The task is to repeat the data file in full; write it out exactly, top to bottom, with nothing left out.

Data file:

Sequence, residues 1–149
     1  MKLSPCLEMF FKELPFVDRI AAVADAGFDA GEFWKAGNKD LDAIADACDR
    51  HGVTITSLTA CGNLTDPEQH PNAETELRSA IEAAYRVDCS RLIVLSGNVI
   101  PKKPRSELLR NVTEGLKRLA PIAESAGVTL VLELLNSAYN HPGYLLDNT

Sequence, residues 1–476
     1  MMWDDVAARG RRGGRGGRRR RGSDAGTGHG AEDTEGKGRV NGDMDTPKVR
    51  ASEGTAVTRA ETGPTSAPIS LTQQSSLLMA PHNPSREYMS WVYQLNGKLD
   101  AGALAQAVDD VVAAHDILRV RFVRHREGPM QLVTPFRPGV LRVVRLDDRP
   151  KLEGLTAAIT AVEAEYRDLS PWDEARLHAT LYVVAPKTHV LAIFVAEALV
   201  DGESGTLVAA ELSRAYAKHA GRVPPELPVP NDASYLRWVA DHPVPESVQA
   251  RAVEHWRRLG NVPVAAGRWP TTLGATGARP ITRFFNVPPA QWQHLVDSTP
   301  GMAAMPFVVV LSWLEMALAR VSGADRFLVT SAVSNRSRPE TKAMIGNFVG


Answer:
Sequence, residues 1–149
     1  MKLSPCLEMF FKELPFVDRI AAVADAGFDA GEFWKAGNKD LDAIADACDR
    51  HGVTITSLTA CGNLTDPEQH PNAETELRSA IEAAYRVDCS RLIVLSGNVI
   101  PKKPRSELLR NVTEGLKRLA PIAESAGVTL VLELLNSAYN HPGYLLDNT

Sequence, residues 1–476
     1  MMWDDVAARG RRGGRGGRRR RGSDAGTGHG AEDTEGKGRV NGDMDTPKVR
    51  ASEGTAVTRA ETGPTSAPIS LTQQSSLLMA PHNPSREYMS WVYQLNGKLD
   101  AGALAQAVDD VVAAHDILRV RFVRHREGPM QLVTPFRPGV LRVVRLDDRP
   151  KLEGLTAAIT AVEAEYRDLS PWDEARLHAT LYVVAPKTHV LAIFVAEALV
   201  DGESGTLVAA ELSRAYAKHA GRVPPELPVP NDASYLRWVA DHPVPESVQA
   251  RAVEHWRRLG NVPVAAGRWP TTLGATGARP ITRFFNVPPA QWQHLVDSTP
   301  GMAAMPFVVV LSWLEMALAR VSGADRFLVT SAVSNRSRPE TKAMIGNFVG